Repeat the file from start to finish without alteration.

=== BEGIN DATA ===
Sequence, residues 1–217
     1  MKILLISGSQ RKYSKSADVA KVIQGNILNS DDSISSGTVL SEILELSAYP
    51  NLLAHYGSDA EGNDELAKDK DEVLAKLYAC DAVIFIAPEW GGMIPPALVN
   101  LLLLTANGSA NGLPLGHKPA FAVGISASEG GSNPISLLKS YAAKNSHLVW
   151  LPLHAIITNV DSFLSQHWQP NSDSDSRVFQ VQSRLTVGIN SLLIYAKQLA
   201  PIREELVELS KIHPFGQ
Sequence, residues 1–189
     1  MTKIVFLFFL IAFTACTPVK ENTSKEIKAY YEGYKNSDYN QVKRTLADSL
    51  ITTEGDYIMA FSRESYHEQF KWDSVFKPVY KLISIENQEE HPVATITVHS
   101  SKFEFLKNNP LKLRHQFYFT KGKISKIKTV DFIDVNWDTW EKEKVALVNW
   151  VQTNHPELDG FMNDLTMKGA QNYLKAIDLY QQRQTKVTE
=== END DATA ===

Sequence, residues 1–217
     1  MKILLISGSQ RKYSKSADVA KVIQGNILNS DDSISSGTVL SEILELSAYP
    51  NLLAHYGSDA EGNDELAKDK DEVLAKLYAC DAVIFIAPEW GGMIPPALVN
   101  LLLLTANGSA NGLPLGHKPA FAVGISASEG GSNPISLLKS YAAKNSHLVW
   151  LPLHAIITNV DSFLSQHWQP NSDSDSRVFQ VQSRLTVGIN SLLIYAKQLA
   201  PIREELVELS KIHPFGQ
Sequence, residues 1–189
     1  MTKIVFLFFL IAFTACTPVK ENTSKEIKAY YEGYKNSDYN QVKRTLADSL
    51  ITTEGDYIMA FSRESYHEQF KWDSVFKPVY KLISIENQEE HPVATITVHS
   101  SKFEFLKNNP LKLRHQFYFT KGKISKIKTV DFIDVNWDTW EKEKVALVNW
   151  VQTNHPELDG FMNDLTMKGA QNYLKAIDLY QQRQTKVTE